Tennesee Woman Suffrage

Celebrating One Hundred Years

On August 18, 1920, the Tennessee General Assembly passed the ratification resolution for the 19th Amendment to the U. S. Constitution, giving the amendment the 36th — and final — state necessary for ratification.

On August 26, 1920, all women gained the right to vote, thanks to the actions of the Volunteer State.

Summary of Woman Suffrage in Tennesee

Women worked for decades to win the vote. It began with the first Women's Rights Convention in 1848. By the early 1900s women's suffrage had expanded into an energetic movement. By June of 1919 the 19th Amendment passed the US House and Senate. From there state legislatures began taking up ratification setting off a wildfire of activity by American women.

By July of 1920, 35 of the 36 states needed for ratification had approved the amendment. Suffragists saw Tennessee as their last, best hope to make the perfect 36th. On August 9th Governor Albert H. Roberts called a special session of the Tennessee General Assembly to consider the issue. Both pro and anti-suffragists from across the nation descended upon Nashville. After the resolution easily passed in the Tennessee State Senate both sides lobbied furiously to secure the votes in the House of Representatives.

On August 18th, 1920 suffragists and anti-suffragists packed the House chamber. Suffragists wore yellow roses and anti-suffragists wore red roses signaling their stances in the pivotal vote. The atmosphere tensed as the war of the roses commenced. As the roll call began and votes were tallied the youngest member of the House, a 24 year old Niota man named Harry Burn, faced a dilemma. He had a letter in his coat pocket from his mother that read, "Hurrah and vote for suffrage," asking her son to change his anti-suffrage stance. Burn, sporting a red rose shocked the chamber by claiming aye for the amendment. Breaking a tie vote and changing the course of our nation's history forever.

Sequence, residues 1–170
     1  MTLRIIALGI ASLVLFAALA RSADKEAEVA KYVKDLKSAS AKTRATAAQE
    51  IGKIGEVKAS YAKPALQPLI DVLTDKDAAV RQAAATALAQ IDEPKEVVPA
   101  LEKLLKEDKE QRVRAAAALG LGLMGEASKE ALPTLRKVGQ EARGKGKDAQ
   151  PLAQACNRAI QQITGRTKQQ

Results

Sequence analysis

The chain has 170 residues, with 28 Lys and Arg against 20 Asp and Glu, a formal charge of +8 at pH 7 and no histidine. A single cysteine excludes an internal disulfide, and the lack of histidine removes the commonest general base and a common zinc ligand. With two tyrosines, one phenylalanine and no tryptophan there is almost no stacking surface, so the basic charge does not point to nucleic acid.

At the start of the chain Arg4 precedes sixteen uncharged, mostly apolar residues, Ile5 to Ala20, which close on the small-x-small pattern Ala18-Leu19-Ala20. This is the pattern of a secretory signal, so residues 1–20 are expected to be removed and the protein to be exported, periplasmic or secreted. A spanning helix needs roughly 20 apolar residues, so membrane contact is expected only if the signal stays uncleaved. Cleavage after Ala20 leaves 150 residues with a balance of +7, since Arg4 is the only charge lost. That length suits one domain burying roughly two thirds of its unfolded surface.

On August 24th, 1920 Governor Roberts certified Tennessee's ratification of the 19th Amendment and two days later US Secretary of State Bainbridge Colby officially declared its ratification to the Constitution. Tennessee provided the 36th and final state needed to ratify this landmark amendment to the US Constitution, adding to our state's rich history and earning the slogan America at Its Best. Tennessee had given 27 million women the right to vote.


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